And just like that, one of the UK’s most successful house purchase schemes has come to an end. The help to buy scheme, which has helped people purchase their dream new build house for almost 10 years has finally finished. In this article we will take a look back at some of the amazing things that the help to buy scheme has achieved over the last 9+ years and also some of the schemes that are still available to help with home purchases.
What Is The Help To Buy Scheme?
The scheme was introduced to the new build (newly constructed or converted properties) market in 2013 after several years of development. Essentially the scheme offers buyers the chance of being able to purchase a new build property with as little as 5% deposit. The government help to buy agent would also contribute 20% of the value of the property towards the purchase, in the form of an interest free loan. In London, due to higher property prices on average, the scheme contributes 40% of the property price. So, if we look at some real figures, the scheme could look like this:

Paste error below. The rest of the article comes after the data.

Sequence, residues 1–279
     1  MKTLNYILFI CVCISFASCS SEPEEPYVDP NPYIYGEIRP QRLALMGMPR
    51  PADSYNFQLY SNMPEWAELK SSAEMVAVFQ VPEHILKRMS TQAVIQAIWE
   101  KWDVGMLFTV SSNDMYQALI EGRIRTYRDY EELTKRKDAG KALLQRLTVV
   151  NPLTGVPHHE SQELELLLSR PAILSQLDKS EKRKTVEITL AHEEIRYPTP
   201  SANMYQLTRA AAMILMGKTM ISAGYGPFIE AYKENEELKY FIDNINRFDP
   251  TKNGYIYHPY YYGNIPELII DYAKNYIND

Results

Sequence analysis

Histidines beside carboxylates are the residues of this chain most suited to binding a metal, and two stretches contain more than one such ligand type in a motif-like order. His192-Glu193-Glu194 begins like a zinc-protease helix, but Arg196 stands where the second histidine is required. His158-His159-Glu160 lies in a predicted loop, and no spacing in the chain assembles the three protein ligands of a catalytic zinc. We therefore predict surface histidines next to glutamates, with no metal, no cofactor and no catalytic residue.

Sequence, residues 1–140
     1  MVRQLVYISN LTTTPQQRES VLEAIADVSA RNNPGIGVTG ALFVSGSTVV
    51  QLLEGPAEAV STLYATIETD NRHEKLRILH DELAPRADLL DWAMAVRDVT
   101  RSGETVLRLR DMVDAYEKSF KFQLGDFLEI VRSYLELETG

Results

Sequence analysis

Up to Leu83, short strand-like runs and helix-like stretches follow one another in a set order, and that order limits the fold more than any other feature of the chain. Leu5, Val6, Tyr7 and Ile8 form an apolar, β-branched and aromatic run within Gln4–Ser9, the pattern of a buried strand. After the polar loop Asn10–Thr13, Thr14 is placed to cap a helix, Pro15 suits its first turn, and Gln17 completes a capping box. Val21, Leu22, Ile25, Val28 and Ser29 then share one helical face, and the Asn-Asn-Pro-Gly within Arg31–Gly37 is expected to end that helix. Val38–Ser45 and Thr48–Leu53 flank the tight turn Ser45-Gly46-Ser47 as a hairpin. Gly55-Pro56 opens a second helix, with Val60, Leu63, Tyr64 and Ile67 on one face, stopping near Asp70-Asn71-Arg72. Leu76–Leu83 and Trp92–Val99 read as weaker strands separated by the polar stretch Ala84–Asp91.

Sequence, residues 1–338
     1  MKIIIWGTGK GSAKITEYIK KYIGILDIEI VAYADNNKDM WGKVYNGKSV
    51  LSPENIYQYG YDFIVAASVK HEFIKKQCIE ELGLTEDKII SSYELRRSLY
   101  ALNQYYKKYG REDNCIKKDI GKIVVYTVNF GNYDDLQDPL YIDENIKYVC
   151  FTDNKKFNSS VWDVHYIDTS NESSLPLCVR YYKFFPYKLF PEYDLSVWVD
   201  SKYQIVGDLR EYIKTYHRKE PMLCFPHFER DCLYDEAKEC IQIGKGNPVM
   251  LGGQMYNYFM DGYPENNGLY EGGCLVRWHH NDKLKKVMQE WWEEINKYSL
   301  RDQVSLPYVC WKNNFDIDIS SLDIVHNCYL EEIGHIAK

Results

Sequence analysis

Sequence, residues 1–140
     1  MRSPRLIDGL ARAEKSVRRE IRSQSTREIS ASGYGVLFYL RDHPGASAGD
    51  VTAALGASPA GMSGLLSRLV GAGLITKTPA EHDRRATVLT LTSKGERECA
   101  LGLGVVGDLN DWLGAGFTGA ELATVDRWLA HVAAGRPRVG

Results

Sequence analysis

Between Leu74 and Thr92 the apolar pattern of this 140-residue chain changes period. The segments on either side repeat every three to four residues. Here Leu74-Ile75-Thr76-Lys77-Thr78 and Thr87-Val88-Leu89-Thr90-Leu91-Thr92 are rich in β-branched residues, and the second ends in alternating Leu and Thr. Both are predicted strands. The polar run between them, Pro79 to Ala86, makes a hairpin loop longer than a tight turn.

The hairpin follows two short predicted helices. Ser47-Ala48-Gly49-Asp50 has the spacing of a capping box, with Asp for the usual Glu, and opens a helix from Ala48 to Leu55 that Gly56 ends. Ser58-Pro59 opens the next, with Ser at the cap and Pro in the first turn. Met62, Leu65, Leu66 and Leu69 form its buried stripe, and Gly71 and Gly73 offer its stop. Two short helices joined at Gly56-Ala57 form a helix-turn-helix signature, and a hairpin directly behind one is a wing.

Purchase price: £250,000 (100%)
Deposit: £12,500 (5%)
HTB Loan: £50,000 (20%)
That means that the borrower would then have 75% of the value of the property left to finance, which would be done through a help to buy mortgage which they would pay back per month. Because the borrower only needs to put down 5% deposit and get a 75% mortgage, the purchase is often a much more beneficial and affordable way for people to buy, especially first-time buyers.
Now, the interest free loan from the government will need to be repaid at some point however, the government would allow you to pay back the loan at any time over 25 years. They would also allow you to repay it in either one lump sum or in two halves. That means that you could essentially pay back 10% of the loan in 12 years and the other 10% in another 12 years.
What Is Happening To The Help To Buy Scheme?